!THE GREAT LI LinwooBir Sleigh Pugin ;
Author of "St Etheldreda's and Ely Place"
IF ever a prophet has lacked honour among his own people his name is Pugin, who died 100 years ago this year on September 14-Augustus Welby Northmore Pugin. It is necessary to particularise his Christian names, for to most Catholics "Pugin" connotes indiscriminately the protagonist of Christian Architecture and his immeasurably inferior sons, Edward Welby and Edmund Peter. Their elaborate heaviness and eclectic repertoire of mongrel detail are all too often, even by Catholic architects w h o should know better, attributcd to their father, the greatest genius of the Gothic Revival. Outside the Church his reputation stands high, a n d since Eastlake's History of the Gothic Revival it has steadily grown. In Kenneth Clark's masterly work on the same subject, recently reissued, h is name stands on the first and last pages, the Alpha and Omega of English 19th-century building, while no essayist of repute dares now to ignore his influence. His Contrasts is a classic, a pungent pictorial satire, on the Industrial Revolution, his Apology is an anticipation of all those principles Ruskin spun out in the interminable pages of his Seven Lamps and Stones of Venice; Ruskin's diatribes against him more than suggest a debt repudiated. Gilbert Scott, founder of a dynasty of architects that flourishes today. insisted that Pugin's figure should stand full length on the plinth of the Albert Memorial, while he himself, its designer, allowed himself no more than a medallion beside his inspirer, who, he confessed, had awakened him from his slumbers by the thunder of his writings.
DUGIN, it is true, is greater in his writings than in his buildings, as he himself would have been the first to admit. Whatever fault one finds in the well over 60 ecclesiastical buildings he conceived and executed in his short 40 years of life. it will he discovered that he has already either in his books or letters admitted that identical defect himself.
Working without a single assistant -"A clerk? Why, I should kill him in a week!"-he was compelled by the insistence of clients to rush up building after building on unsuitable sites with pitiably inadequate fundsSay thirty shillings more and have a tower and spire as well," he wrote to one importunate prelate.
It was only in St. Augustine's, Ramsgate, paid for with his earnings on Protestant commissions, and in his almost perfect reproductions of a 14th-century parish church and of a 15th-century hospital at Cheadle and Alton, where he was able to draw without Limit on the munificence of the Earl of Shrewsbury, that he owned himself even partly satisfied.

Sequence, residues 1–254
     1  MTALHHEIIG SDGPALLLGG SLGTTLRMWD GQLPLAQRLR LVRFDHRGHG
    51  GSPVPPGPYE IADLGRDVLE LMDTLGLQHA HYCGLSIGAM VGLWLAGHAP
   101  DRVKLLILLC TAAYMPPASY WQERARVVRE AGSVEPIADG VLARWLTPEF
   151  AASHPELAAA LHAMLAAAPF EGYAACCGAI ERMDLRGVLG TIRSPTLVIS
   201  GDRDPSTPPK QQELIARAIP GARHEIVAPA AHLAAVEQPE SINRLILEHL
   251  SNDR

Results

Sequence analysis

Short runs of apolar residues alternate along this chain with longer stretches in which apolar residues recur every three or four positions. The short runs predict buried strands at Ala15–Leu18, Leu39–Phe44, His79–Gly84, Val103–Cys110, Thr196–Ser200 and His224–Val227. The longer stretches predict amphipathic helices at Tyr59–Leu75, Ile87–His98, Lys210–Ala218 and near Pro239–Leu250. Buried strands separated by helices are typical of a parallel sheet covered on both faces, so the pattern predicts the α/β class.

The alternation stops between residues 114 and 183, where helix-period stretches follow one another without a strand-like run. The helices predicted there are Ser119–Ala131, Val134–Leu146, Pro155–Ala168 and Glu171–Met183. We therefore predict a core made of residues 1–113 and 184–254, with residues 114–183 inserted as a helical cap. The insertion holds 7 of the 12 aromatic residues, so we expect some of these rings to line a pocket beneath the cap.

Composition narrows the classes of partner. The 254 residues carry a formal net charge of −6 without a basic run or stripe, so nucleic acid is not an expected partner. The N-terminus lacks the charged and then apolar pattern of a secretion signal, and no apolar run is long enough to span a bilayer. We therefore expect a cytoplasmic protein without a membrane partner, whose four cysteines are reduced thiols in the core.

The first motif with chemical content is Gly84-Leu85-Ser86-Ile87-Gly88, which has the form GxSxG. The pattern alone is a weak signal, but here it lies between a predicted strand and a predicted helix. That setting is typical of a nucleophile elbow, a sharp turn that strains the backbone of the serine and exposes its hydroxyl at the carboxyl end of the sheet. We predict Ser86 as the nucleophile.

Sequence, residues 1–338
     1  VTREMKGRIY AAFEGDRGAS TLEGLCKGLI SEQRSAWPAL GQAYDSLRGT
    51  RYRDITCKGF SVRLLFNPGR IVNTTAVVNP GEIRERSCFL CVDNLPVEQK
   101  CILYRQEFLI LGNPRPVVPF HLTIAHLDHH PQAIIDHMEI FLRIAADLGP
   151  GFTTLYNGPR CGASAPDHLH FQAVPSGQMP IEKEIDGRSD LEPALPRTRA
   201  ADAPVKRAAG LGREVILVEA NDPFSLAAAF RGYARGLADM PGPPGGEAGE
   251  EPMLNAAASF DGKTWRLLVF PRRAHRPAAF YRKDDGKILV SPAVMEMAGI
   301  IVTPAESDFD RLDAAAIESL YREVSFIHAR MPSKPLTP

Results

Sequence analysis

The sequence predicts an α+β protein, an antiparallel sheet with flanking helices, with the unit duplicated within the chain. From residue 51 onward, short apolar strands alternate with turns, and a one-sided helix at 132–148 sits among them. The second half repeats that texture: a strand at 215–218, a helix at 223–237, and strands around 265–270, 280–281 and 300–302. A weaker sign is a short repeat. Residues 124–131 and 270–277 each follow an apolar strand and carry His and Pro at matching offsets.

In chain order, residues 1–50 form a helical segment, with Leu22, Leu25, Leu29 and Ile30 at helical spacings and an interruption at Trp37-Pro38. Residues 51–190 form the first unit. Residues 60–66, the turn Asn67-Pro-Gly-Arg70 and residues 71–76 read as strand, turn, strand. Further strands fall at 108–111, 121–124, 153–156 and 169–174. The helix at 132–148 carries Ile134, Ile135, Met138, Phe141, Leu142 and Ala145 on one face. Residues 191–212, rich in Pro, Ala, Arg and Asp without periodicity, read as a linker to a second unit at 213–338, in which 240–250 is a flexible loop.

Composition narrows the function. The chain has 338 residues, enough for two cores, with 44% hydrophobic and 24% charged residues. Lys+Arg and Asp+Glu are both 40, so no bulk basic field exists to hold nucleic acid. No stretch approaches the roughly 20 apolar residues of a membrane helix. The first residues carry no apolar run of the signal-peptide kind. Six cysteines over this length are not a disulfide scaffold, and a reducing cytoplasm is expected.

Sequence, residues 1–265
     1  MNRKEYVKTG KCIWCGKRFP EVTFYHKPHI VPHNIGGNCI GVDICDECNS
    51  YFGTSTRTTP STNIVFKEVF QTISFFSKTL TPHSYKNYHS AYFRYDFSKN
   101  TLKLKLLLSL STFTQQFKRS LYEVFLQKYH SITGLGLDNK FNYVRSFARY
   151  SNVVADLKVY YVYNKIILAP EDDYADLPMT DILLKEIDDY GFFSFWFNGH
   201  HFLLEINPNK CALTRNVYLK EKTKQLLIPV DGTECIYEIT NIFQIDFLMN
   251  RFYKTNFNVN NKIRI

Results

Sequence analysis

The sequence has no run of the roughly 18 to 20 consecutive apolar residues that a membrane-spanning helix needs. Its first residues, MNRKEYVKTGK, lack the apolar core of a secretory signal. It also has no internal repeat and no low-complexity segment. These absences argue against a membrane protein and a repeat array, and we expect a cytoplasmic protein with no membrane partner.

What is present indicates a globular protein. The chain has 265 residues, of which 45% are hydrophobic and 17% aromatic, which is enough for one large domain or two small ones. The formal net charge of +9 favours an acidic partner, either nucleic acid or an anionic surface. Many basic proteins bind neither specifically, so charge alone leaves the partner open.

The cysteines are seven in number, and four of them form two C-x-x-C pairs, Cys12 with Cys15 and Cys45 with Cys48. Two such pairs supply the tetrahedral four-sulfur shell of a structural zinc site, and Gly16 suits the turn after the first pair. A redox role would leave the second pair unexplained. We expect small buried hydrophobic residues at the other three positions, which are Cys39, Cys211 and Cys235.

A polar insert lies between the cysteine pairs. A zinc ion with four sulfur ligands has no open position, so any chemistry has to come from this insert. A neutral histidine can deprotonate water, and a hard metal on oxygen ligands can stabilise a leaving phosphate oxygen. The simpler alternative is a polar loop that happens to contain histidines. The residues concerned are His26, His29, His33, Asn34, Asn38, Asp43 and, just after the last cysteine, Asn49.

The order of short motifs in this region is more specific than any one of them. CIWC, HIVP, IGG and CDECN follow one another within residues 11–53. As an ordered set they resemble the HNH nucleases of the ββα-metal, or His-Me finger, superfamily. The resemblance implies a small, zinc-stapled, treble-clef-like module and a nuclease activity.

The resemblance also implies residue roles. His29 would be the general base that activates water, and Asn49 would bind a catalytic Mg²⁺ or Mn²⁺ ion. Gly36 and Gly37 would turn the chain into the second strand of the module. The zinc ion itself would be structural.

His cathedrals in the big industrial townsSouthwark, Nottingham, Newcastle, Birmingham, none of them do him justice, though the dignity and picturesque grouping of parts he contrived for them out of ignoble materials on cramped sites goes far to atone for their shortcomings.
THE main cause, however, of our
present indifference to Pugin is not his architectural shortcomings tut the adventitious fact that Gothic is no longer fashionable. We sneer at imi
r-e tation Gothic, but imitation Byzantine, imitation "Early Christian," imitation Romanesque, in imitation stone and imitation marble. arc almost de rigueur for English Catholic churches.
Yet surely, if we are to allow reproductions of past styles of building at all, there is more consistency in reproducing the architectural manner and employing the architectural materials and arrangements that were evolved by our own countrymen for our own climate and landscape.
The oddly misinformed notion persists that Gothic is gloomy. As Pugin, again, indignantly exclaimed: "Melancholy! And therefore suitable for religious buildings!"
Repeated coats of discolouring varnish, colours that have faded reproduced in their fading instead of their original brilliance, has made so man! Pugin churches dim and gloom y. But where, as in St. Thomas's, Fulham, his only London church, or in St. Marie's, Derby, the original tones have been regained, the whole interior is redolent of light and gaiety.
YET, though we have lost the taste for Gothic revivalism, very few, even today, would sneer at the Houses of Parliament, the work, as everybody knows, of Sir Charles Barry. What everybody does not know is that, while their plan is Barry's, every visible feature, from the Victoria Tower to the inkpots, is Pugin's.
Nor is it recognised that the Camden Society, now known as the Ecclesiological Society, that reformed the entire liturgical arrangements of Anglican churches to the discreet medievalism that seems native to them nowadays, in place of the threedecker pulpits, invisible communion tables and vast family pews, took direct from Pugin all their principles (they still use the seal he designed for them).
It was Pugin. again, who by his researches into forgotten craftsmanship in metal and ceramics fathered the revival of arts and crafts; by his study of local styles initiated the revival of vernacular building; who faced a hurricane of abuse for his advocacy of the ancient form of vestments; who anticipated by half a century Papal insistence. on seemly liturgical music.
Again, in his dicta that the builder may ornament construction. never construct ornament, that a building must be based on its plan, not its elevation, rising from and grappling with its site. and that every building that is treated naturally, without disguise or concealment, cannot fail to look well, he showed himself in essence, behind his medieval screen, no pedantic antiquarian but a modern of the moderns.